The third riot in two months, and the fourth major disturbance at a UK prison, took place at HM Prison Birmingham Friday. The riot, the largest since that at HM Prison Manchester (then known as Strangeways) in 1990, involved 600 inmates who took over four wings.
During the riot at the Category B 1,450 capacity Victorian-era prison, built in 1849, millions of pounds of damage was caused. One inmate was hurt and went to hospital with a fractured jaw and broken eye socket.
To quell the disturbance, G4S, the private firm who run the prison, sent in two initial Tornado riot control squads. Later the Prison Service’s “gold command” sent in an additional 11 Tornado units. It took the riot squads, comprising an eventual 160 officers, over 12 hours until the prison was taken back under control late in the evening.
According to the account of Conservative government Justice Secretary Liz Truss, given to MPs on Monday, the riot began after six prisoners in N wing climbed on to safety netting on Friday at 9:15 a.m. Truss said, “When staff intervened, one of them had their keys snatched. At that point, staff [who are trained to leave and go to a safe place when they lose possession of keys] withdrew for their own safety. Prisoners then gained control of the wing and subsequently of P wing.”
According to prison affairs academic, Alex Cavendish, an “inside informant” told him the trouble started with lights being broken and inmates taking control of fire hoses. “The officers were then, as they are instructed to do, trying to get as many prisoners locked in their cells as possible to contain it, “said Cavendish, adding, “While one of the officers was putting a prisoner in the cell he was threatened with what appeared to be a used syringe.”
Truss confirmed that after the riot, 380 prisoners were moved out of Birmingham to other prisons. This caused problems in Britain’s already severely overcrowded prison system. At HM Prison Hull on Sunday, inmates refused to return to their cells after 15 inmates arrived from Birmingham. In an indication of the incendiary state of other UK prisons, staff at Hull were reportedly assaulted and CCTV cameras were torched. The Prison Officers Association (POA) reported that inmates at HMP Hull were put under lockdown, with only a few allowed out of cells at a time.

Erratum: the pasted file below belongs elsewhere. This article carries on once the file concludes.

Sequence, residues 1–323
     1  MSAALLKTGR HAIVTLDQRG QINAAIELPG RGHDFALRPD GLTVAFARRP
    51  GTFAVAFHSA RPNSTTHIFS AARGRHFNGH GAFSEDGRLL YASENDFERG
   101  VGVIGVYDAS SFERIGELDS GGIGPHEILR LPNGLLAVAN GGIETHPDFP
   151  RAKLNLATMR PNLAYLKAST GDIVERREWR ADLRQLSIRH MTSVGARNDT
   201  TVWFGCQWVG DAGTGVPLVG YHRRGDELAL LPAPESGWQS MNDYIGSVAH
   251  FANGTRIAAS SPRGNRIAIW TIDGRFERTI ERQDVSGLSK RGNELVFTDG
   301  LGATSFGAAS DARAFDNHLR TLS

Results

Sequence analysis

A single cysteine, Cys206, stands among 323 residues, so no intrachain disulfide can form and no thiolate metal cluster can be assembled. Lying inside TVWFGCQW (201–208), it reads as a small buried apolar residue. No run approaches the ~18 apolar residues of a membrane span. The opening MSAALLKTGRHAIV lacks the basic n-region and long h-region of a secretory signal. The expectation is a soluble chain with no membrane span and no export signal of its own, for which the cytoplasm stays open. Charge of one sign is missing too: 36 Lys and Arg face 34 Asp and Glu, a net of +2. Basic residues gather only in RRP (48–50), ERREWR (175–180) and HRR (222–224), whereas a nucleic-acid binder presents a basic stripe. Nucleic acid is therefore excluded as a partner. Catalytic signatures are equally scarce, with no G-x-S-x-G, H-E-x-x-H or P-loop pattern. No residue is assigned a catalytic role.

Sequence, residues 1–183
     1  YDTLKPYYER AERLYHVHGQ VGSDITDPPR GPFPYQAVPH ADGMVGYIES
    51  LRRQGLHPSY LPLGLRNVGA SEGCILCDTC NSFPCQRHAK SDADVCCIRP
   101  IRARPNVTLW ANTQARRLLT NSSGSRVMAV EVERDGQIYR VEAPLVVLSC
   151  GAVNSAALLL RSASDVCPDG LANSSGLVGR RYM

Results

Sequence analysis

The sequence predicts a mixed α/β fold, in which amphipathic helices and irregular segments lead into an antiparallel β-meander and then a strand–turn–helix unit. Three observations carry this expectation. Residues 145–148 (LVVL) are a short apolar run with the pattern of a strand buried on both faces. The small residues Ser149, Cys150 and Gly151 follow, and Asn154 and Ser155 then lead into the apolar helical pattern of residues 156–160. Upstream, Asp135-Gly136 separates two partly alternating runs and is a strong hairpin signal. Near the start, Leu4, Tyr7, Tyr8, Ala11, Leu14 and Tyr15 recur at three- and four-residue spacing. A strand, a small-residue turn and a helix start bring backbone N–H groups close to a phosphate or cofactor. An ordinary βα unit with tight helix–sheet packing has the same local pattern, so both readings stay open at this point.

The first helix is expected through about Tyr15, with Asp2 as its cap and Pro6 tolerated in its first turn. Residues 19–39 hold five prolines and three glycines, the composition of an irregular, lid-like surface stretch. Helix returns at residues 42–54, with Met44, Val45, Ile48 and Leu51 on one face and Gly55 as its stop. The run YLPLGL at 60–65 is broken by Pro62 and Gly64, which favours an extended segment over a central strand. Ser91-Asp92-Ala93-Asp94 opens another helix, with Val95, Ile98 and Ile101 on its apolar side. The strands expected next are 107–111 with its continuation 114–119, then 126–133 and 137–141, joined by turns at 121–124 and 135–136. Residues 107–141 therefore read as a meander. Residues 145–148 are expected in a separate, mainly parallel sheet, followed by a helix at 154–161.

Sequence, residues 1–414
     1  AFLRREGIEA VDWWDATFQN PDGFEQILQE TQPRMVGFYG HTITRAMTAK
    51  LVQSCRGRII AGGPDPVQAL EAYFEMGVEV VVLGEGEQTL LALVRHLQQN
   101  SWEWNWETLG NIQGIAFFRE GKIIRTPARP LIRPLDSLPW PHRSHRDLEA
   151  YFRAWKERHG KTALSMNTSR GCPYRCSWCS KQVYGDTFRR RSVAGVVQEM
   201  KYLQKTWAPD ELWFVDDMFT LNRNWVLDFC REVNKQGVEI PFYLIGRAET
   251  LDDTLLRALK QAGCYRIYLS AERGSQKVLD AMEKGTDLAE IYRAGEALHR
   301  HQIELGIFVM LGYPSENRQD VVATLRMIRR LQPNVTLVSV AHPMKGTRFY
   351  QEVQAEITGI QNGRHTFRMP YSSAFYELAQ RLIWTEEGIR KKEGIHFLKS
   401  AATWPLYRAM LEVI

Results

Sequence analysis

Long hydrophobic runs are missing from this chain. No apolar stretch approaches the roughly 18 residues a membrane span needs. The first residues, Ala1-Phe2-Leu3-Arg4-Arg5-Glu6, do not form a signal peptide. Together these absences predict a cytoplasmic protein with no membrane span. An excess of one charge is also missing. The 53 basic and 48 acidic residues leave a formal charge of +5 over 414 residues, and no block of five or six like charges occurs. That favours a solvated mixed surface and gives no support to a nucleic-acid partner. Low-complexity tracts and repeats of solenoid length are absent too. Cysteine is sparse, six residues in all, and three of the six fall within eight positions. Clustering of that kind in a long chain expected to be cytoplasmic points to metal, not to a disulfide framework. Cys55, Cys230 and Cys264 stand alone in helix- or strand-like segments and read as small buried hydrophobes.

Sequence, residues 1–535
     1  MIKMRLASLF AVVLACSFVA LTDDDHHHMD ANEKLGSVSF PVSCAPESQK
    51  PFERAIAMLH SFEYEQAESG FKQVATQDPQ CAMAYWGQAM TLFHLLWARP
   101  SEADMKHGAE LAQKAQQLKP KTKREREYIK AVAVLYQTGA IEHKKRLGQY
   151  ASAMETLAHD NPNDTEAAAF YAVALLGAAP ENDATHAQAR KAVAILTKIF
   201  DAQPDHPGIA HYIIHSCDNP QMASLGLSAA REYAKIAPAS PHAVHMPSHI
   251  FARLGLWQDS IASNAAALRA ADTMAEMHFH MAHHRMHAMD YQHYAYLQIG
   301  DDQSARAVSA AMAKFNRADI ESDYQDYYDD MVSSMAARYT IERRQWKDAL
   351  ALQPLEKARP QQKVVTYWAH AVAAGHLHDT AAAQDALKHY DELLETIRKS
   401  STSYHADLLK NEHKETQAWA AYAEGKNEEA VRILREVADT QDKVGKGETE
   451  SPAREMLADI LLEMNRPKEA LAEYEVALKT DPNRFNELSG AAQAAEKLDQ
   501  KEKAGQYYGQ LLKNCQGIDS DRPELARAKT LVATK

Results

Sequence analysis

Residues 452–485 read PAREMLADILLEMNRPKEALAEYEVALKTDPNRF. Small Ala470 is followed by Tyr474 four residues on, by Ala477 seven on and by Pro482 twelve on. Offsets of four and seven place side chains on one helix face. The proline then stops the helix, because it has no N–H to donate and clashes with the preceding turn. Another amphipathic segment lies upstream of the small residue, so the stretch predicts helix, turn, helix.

As with last month’s riot of more than 200 inmates at Bedford prison, it quickly emerged that at the centre of the Birmingham events were the generally intolerable conditions under which inmates are confined. One prisoner who contacted the Birmingham Mail—using a mobile phone he obtained—explained how prisoners no longer have access to basic facilities. He stated, “They cancel gym all the time, the showers are cold, the food is crap, the heating is never on and we never get our mail on time.”
The issue of access to the gym is a major grievance nationally, as prisoners are locked in their cells for longer periods due to the chronic lack of staff to supervise them elsewhere.
Another prisoner explained, “We are entitled to half an hour of exercise every day and we are just not getting it. I was on N wing before and we did not get the proper levels of exercise for six weeks. People are going crazy because of it. They are breaching our human rights and the government needs to do something about it, they need to sort it out. It’s a dangerous place at the moment. People are walking around with knives and G4S have no control.”
Another prisoner said, “I used to be on one of the wings and there has been plenty of occasions where just a couple of guards have been in charge of 160 prisoners. There are all sorts of problems in here. Two people have passed away in the last couple of weeks after taking black mamba”—a reference to one of the relatively new psychoactive drugs that, along with “spice,” is now widely available in UK prisons.